August 5, 2014
In Halliburton Co. v. Erica P. John Fund, Inc. (Halliburton II), the US Supreme Court addressed directly the fraud on the market presumption of reliance in securities class actions. Although it preserved the presumption, the Supreme Court confirmed that defendants may rebut it at the class certification stage by showing that any specific misrepresentation did not impact the market price of the company’s stock. Practical Law asked Greg Markel of Cadwalader, Wickersham & Taft LLP to examine the decision and explain how it will affect securities litigation in the future.
In particular, Mr. Markel addresses:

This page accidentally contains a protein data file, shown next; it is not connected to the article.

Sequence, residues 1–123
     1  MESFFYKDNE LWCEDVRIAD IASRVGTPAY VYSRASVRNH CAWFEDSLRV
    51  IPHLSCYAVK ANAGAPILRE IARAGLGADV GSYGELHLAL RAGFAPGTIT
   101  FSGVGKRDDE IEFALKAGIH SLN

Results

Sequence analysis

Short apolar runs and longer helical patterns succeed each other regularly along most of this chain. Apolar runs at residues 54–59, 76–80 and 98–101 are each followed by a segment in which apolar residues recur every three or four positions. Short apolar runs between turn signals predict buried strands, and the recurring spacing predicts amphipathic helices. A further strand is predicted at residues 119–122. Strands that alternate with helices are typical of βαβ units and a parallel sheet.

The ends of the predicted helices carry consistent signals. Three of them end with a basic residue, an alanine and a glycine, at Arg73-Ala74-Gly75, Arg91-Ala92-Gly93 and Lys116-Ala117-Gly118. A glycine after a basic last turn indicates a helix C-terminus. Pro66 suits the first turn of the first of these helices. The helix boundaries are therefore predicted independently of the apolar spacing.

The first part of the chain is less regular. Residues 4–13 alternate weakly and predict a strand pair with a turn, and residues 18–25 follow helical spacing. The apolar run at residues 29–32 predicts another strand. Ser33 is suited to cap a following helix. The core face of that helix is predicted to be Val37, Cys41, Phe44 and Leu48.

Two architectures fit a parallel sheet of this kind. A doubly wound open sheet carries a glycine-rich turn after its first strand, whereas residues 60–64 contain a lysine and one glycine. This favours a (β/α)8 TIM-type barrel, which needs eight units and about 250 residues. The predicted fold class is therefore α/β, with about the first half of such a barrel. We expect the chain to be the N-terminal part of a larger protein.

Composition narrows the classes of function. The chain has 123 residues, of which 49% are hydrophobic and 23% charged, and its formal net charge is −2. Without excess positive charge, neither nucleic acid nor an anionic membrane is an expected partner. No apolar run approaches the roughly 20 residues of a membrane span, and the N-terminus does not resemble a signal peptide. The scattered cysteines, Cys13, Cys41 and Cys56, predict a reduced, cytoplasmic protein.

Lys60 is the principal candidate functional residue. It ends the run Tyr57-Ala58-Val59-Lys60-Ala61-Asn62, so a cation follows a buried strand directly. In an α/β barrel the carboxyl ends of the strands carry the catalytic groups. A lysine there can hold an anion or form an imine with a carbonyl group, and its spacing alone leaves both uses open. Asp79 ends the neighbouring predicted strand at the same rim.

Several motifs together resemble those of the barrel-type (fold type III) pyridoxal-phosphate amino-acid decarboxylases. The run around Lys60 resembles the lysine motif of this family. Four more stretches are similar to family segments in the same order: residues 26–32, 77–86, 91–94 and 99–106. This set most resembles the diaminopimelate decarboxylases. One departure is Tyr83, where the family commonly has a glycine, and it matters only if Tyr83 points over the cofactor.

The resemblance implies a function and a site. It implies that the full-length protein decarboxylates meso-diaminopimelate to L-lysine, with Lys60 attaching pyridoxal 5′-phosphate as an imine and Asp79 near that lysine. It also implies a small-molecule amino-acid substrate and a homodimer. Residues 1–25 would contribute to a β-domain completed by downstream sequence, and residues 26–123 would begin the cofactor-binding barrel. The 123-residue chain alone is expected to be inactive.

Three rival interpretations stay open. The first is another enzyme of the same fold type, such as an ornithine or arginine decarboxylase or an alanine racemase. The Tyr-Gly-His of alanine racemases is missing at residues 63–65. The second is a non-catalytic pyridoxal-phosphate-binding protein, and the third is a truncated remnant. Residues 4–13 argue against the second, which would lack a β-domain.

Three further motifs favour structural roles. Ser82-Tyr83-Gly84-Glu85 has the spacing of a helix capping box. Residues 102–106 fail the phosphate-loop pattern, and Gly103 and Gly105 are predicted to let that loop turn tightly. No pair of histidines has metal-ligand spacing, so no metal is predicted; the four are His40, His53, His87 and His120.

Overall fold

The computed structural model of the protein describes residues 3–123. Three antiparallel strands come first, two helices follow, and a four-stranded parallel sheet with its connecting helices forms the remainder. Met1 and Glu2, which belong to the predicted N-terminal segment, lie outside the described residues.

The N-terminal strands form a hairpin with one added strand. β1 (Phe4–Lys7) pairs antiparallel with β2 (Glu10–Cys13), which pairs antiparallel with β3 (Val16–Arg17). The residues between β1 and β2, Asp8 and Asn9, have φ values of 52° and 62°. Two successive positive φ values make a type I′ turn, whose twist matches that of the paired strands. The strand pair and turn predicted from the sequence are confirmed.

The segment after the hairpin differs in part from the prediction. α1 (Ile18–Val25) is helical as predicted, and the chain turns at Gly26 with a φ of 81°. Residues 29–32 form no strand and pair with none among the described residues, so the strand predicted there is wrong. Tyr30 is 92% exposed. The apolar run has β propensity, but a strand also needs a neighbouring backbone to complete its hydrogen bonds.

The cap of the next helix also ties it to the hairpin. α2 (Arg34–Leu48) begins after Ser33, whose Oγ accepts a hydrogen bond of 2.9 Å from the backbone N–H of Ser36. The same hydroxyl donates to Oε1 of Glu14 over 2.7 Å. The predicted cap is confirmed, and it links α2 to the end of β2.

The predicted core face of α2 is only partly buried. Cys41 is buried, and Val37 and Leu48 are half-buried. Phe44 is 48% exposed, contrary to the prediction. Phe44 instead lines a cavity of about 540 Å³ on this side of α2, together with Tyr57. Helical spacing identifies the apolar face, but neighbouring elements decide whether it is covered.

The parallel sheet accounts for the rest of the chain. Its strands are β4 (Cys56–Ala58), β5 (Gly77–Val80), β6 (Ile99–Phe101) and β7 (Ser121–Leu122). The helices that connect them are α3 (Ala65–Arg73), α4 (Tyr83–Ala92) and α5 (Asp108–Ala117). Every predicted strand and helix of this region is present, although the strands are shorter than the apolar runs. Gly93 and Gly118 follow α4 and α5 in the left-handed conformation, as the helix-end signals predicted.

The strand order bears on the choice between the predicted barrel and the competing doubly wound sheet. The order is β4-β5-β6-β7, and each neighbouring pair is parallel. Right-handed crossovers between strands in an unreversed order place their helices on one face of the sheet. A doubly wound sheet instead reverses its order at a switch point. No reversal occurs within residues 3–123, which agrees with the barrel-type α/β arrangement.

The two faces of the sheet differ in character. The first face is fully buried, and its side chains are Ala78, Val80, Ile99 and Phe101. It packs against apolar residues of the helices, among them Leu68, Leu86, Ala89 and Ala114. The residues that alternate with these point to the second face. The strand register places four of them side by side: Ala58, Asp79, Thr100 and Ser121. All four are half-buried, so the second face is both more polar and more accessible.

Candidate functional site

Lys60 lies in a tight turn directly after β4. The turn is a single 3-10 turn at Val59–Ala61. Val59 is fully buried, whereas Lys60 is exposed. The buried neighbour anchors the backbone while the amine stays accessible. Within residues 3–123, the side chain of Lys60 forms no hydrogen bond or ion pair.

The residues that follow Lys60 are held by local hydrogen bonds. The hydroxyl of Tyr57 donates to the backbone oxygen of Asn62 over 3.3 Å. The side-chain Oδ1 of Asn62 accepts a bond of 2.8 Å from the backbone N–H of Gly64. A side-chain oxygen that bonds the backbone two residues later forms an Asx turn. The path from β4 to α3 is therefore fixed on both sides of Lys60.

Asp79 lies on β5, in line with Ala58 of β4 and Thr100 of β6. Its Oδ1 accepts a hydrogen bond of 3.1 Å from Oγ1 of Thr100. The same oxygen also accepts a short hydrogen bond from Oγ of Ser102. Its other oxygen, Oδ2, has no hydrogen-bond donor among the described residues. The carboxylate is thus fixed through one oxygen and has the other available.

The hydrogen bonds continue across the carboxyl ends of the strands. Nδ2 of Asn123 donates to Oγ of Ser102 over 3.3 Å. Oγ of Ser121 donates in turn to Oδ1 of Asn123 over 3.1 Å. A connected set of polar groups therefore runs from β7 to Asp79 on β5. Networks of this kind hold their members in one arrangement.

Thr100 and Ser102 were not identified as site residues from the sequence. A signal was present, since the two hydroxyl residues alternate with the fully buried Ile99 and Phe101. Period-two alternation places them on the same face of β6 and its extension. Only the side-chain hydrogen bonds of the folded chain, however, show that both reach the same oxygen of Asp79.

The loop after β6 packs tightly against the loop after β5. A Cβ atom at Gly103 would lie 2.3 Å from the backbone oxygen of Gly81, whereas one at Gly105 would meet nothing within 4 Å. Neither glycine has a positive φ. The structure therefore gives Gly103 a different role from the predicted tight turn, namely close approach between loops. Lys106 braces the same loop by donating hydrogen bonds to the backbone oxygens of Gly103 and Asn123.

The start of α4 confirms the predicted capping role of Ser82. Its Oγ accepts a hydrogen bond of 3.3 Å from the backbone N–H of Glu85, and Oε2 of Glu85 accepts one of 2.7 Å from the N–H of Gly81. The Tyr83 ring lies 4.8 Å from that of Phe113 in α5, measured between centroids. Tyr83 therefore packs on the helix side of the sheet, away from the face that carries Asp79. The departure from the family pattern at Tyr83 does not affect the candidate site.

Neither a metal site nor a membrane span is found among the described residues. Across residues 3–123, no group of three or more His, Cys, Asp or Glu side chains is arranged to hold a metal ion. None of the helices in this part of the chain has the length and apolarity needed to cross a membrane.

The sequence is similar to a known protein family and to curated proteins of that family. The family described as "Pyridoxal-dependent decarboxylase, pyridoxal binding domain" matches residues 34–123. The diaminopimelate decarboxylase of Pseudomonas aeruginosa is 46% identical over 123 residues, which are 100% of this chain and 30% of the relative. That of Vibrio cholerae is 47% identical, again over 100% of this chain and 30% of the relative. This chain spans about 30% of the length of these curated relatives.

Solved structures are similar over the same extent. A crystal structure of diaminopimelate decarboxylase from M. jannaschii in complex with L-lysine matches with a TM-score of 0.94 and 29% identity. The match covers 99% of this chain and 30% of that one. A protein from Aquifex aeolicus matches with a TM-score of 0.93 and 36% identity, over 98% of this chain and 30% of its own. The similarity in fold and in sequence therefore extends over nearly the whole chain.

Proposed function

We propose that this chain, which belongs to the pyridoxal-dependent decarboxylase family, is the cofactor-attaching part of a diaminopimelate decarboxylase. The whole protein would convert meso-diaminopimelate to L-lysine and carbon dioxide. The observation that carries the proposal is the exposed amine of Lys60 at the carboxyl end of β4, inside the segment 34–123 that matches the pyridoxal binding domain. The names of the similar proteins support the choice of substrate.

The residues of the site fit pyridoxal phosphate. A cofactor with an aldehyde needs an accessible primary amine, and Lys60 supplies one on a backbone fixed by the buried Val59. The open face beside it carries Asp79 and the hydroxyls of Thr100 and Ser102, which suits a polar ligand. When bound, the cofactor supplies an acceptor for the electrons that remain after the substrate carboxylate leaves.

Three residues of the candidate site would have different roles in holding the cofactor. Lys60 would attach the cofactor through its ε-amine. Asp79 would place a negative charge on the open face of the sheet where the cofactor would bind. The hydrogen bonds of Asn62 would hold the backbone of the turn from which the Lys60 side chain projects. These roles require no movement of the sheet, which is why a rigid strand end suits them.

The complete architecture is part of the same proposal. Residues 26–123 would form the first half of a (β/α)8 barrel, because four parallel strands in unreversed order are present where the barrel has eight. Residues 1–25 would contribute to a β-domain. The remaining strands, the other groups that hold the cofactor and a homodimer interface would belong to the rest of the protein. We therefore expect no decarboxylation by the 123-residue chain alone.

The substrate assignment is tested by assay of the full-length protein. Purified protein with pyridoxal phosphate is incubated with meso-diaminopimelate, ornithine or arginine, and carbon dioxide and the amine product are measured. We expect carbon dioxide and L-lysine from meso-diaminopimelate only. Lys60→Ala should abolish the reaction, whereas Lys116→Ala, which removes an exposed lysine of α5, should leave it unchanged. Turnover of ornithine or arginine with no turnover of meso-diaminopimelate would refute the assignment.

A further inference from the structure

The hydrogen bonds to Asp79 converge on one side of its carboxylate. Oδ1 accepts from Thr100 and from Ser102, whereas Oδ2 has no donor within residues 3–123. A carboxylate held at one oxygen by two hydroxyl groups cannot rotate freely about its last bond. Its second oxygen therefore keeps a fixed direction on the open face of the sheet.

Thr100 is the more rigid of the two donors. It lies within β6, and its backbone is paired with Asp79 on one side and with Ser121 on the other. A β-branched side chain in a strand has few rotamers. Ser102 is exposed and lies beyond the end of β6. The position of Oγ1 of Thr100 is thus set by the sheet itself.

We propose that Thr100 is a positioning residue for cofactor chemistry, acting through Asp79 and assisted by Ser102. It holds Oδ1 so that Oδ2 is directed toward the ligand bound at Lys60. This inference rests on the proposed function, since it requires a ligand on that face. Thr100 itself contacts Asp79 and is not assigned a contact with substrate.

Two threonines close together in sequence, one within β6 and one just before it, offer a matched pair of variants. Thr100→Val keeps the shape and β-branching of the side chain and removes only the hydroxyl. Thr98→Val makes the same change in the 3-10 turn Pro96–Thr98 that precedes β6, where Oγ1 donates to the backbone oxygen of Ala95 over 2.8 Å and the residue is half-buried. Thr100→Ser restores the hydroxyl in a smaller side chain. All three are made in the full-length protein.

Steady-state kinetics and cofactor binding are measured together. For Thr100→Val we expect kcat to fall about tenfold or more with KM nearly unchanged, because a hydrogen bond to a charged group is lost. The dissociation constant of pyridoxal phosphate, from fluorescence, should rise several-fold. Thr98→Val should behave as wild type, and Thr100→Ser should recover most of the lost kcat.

- The history of the fraud on the market presumption of reliance and how it has impacted securities class action litigation.
- The critiques of the presumption leading up to the Supreme Court’s decision in Halliburton II.
- How the Supreme Court clarified and refined the use of the presumption.
- The use of expert analysis in securities class actions, and how this type of analysis may increase in the early stages of securities litigation as a result of Halliburton II.
- How Halliburton II may impact the costs associated with securities class actions.
- The practical implications of how certification motions in securities class actions now will be handled.
- Whether Halliburton II is likely to influence the number of securities class actions that are filed or certified in federal court.
- Possible motivations for Chief Justice Roberts’ approach in the opinion.
To learn more, see Expert Q&A on the Fraud on the Market Presumption.